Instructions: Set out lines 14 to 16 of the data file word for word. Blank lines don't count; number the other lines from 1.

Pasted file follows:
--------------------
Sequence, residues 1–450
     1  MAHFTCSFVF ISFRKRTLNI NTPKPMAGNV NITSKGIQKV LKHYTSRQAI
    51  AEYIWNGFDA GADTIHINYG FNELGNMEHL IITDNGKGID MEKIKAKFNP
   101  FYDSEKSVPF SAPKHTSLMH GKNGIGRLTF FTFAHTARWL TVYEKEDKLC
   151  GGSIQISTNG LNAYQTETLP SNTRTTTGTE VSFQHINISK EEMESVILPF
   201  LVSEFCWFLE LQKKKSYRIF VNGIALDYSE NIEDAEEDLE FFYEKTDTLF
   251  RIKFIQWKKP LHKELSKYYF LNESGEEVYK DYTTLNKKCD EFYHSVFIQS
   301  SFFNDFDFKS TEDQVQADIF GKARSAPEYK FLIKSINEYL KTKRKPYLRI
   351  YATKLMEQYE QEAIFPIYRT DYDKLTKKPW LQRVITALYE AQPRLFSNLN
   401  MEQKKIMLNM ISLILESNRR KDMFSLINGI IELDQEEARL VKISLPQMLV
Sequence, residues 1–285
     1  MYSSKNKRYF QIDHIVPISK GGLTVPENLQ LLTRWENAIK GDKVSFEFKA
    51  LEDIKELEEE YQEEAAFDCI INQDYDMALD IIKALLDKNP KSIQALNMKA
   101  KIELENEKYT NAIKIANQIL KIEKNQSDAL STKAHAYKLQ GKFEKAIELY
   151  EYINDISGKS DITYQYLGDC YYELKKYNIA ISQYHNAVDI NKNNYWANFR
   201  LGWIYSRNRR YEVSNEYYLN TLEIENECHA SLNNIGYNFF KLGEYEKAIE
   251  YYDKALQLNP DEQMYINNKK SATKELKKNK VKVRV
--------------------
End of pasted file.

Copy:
   101  KIELENEKYT NAIKIANQIL KIEKNQSDAL STKAHAYKLQ GKFEKAIELY
   151  EYINDISGKS DITYQYLGDC YYELKKYNIA ISQYHNAVDI NKNNYWANFR
   201  LGWIYSRNRR YEVSNEYYLN TLEIENECHA SLNNIGYNFF KLGEYEKAIE